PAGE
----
I'm designing circuit with nRF52810 BLE SoC and I have decided to go with ceramic chip antenna because it seems easier than designing printed antenna. The problem is that I'm just a 1st year student trying to design something like this for the first time. From SoC datasheet I understood that I need to find antenna with 50ohm impedance if I want to use the reference matching circuitry (QFN32, page 396) with 3.9nH inductor and 0.8pF capacitor. Please correct me if I'm wrong.

All reference circuits are designed for use with a 50 Ω singleended antenna. A matching network is needed between the RF pin ANT and the antenna, to match the antenna impedance (normally 50 Ω) to the optimum RF load impedance for the chip. For optimum performance, the impedance for the matching network should be set as described in the recommended package reference circuitry in Reference circuitry on page 396 above.

Antenna matching circuit is on the bottom-right. enter image description here Then, in my understanding, every antenna has 1 terminal connected to signal source and second terminal floating, like on reference scheme above.

Let's take that antenna for example. It it 50ohm and 2.4GHz, so it seems like it fits. The problem is that I can't understand the circuit on page 3, it conflicts with SoC reference circuit and my understanding of antennas. Antenna on this design is connected to the ground with both terminals (one terminal is connected through matching component), and feed line is cut. enter image description here In my understanding, first terminal of antenna should be connected to the feed line through matching circuit (in my case from SoC reference circuit), and then to the SoC ANT pin, and the second terminal should be floating. Can you explain to me why circuit in this datasheet is like this and correct my assumptions?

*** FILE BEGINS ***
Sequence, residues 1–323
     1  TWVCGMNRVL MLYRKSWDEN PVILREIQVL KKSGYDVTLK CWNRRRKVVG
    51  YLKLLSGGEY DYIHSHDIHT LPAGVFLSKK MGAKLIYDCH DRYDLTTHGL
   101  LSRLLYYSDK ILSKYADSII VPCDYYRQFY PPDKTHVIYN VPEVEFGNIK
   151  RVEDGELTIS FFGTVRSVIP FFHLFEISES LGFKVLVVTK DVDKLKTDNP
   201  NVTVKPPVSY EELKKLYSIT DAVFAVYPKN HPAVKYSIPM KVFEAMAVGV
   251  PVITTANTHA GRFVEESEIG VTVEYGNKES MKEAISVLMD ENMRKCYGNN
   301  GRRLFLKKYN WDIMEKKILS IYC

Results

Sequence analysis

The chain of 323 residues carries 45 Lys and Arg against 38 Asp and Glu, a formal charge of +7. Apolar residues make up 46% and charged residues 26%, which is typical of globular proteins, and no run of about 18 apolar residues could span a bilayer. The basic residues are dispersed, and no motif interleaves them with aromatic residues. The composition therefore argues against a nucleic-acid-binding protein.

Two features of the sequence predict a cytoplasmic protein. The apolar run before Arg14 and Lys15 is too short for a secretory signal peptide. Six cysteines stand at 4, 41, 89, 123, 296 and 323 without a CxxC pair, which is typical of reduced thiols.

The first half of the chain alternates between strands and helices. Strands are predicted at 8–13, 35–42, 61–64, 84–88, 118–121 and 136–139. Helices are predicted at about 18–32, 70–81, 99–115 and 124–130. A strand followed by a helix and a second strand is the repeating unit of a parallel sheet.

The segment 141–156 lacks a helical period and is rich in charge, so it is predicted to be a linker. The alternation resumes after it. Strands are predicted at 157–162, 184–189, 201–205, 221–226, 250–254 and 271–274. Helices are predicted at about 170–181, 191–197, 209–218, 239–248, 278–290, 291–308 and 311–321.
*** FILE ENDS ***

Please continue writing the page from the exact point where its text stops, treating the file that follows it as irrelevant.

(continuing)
• \$\begingroup\$ It’s not a very helpful antenna document. \$\endgroup\$
    – Andy aka
    Feb 28, 2020 at 15:36
  • \$\begingroup\$ I’ve never seen such a strange chip antenna. Get a regular one! \$\endgroup\$ Feb 28, 2020 at 18:07

1 Answer 1


The manufacturer's documentation was originally wrong. The version you linked says it was from 2013.

They have fixed documentation from 2018 on their website here

The layout in the current documentation makes much more sense as the signal and ground are no longer shown as being connected: antenna layout

One thing that isn't clear even in the new documentation is that you will need to jumper accross the gap in the feed line, potentially with a tuning element.

Antennas do not necessarily need to have one terminal floating. For example a loop antenna would have one terminal shorted. It's not really a red flag that this antenna uses a short instead of an open. Still the documentation doesn't make it very clear what is going on.

For a personal project I would definitely look for the best documented parts. Only use poorly documented parts like these if you really need to minimize cost in high volume.


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